Nitric oxide donors modulate ferritin and protect endothelium from oxidative injury

Mark B. Juckett, Marc L Weber, József Balla, Harry S Jacob, Gregory M. Vercellotti

Research output: Contribution to journalArticlepeer-review

37 Scopus citations


Ferritin protects endothelial cells from the damaging effects of iron- catalyzed oxidative injury. Regulation of ferritin occurs through the formation of an iron-sulfur cluster within a cytoplasmic protein, the iron regulatory protein (IRP) that controls ferritin mRNA translation. Nitric oxide has been shown to inhibit iron-sulfur proteins and is present at vascular sites of inflammation; therefore, we undertook a study to examine the influence of nitric oxide on changes in endothelial cell ferritin content in response to iron exposure, and the subsequent effects on susceptibility to oxidative injury, iron-loaded endothelial cells (EC) exposed to nitric oxide donors synthesize markedly less ferritin. Treatment of EC with a nitric oxide donor increases IRP affinity for ferritin mRNA concomitant with a loss of cytoplasmic aconitase activity in iron laden EC. Iron-treated EC exposed to NO donors were resistant to oxidative injury despite their low ferritin content when examined I h after the treatment period. In contrast, 24 h later, these same cells become sensitive to oxidants, whereas iron-treated EC that are ferritin-rich continue to be resistant. In conclusion, NO inhibits the increase of EC ferritin after exposure to iron but provides short-term protection against oxidants; ferritin, in turn, provides durable cytoprotection by inactivating reactive iron.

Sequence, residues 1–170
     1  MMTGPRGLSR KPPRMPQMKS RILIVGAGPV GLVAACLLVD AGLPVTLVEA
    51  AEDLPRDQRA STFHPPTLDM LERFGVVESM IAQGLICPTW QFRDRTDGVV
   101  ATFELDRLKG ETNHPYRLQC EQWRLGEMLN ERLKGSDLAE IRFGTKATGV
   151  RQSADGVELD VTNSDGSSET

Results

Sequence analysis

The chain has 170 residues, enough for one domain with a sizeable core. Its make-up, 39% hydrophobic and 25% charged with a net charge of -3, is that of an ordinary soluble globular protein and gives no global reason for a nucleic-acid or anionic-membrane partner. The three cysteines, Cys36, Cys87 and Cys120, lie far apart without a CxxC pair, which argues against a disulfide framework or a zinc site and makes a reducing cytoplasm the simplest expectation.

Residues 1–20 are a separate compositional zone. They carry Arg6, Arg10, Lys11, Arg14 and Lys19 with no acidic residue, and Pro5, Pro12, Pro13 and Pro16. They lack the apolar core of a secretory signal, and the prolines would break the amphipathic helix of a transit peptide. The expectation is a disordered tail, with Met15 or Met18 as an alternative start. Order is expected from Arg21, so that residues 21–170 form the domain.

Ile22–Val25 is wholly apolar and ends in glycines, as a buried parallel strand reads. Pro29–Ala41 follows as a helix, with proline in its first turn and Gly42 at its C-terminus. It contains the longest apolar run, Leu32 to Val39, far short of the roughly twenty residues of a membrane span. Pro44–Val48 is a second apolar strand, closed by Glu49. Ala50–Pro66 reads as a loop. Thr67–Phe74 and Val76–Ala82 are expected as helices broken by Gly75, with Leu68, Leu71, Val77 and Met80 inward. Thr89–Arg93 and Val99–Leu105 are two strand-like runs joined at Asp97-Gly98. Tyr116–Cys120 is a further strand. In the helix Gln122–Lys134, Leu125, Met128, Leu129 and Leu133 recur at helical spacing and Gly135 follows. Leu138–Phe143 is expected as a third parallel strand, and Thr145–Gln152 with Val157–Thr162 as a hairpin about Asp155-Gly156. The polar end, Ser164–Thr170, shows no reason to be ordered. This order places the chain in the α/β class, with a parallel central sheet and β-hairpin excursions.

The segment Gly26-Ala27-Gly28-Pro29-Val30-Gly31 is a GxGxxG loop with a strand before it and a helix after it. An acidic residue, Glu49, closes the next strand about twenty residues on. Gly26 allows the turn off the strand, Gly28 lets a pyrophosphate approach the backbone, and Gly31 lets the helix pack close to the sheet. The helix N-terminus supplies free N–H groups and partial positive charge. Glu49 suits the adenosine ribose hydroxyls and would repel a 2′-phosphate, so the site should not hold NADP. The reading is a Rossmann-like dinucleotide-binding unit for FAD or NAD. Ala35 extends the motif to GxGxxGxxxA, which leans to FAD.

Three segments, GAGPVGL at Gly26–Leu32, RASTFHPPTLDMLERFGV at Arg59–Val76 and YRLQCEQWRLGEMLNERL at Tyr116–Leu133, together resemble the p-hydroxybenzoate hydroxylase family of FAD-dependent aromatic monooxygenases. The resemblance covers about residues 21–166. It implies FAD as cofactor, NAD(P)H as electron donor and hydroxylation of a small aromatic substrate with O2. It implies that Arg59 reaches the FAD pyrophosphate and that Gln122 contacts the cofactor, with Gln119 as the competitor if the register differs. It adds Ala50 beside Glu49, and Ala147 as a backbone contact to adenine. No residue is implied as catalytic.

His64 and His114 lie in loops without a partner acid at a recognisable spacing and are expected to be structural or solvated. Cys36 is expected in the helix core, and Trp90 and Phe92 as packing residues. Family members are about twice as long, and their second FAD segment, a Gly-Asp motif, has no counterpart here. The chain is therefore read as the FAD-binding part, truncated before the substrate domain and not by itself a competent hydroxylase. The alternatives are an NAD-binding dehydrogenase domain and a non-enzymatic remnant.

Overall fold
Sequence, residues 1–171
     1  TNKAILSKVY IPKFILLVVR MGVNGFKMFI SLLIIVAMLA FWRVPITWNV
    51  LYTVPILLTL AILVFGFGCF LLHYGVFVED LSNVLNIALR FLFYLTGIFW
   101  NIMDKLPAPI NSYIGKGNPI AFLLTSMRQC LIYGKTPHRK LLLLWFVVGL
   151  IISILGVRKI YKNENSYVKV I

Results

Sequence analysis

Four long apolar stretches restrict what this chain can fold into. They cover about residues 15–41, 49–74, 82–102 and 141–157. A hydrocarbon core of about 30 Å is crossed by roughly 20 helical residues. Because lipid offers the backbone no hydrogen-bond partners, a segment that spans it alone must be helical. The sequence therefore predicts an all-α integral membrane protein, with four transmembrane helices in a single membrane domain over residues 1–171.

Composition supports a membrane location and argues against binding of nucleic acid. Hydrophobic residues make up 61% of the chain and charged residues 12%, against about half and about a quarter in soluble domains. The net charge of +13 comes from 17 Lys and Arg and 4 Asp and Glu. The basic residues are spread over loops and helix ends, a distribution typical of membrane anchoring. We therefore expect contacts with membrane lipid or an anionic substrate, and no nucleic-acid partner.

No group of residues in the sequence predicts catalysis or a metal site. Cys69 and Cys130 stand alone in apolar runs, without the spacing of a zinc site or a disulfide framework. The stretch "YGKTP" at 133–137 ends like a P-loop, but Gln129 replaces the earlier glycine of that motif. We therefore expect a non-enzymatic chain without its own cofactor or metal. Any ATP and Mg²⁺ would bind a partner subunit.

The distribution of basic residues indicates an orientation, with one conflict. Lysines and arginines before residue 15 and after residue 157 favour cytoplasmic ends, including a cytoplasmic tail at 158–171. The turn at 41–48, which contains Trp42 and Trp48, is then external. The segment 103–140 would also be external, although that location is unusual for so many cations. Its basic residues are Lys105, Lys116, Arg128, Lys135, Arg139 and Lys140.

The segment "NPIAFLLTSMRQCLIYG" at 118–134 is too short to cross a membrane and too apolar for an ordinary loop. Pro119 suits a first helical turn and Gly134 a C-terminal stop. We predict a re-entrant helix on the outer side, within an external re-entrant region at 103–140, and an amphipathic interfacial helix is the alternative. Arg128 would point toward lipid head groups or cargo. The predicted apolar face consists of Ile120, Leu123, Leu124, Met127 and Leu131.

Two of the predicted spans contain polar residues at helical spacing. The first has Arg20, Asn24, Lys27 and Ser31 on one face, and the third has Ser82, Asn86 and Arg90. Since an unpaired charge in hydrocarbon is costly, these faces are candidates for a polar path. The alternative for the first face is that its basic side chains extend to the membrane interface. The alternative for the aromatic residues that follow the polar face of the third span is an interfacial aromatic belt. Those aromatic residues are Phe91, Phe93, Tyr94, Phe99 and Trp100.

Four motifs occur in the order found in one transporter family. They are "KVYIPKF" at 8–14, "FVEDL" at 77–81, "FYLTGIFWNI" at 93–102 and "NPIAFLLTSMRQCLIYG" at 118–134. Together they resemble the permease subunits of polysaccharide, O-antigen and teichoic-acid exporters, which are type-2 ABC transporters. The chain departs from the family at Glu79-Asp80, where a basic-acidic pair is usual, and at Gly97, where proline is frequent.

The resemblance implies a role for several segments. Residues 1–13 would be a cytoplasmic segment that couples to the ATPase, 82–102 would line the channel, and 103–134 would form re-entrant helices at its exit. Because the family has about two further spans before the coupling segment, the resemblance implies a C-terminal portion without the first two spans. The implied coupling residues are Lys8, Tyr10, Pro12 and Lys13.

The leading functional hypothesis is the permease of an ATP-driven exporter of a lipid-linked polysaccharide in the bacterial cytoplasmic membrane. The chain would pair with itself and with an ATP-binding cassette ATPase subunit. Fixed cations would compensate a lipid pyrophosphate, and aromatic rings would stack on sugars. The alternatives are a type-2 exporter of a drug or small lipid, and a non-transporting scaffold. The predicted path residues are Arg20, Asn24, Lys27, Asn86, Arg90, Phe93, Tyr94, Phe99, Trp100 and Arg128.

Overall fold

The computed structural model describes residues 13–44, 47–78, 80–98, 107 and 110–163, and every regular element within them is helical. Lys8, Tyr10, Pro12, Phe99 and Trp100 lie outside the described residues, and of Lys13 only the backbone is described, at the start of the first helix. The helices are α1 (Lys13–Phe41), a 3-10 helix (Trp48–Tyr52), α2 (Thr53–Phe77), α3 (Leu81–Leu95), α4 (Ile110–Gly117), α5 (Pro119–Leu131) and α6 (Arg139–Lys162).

Original languageEnglish (US)
Pages (from-to)63-73
Number of pages11
JournalFree Radical Biology and Medicine
Issue number1
StatePublished - 1996


  • Endothelium
  • Ferritin
  • Free radicals
  • Nitric oxide
  • Oxidative injury


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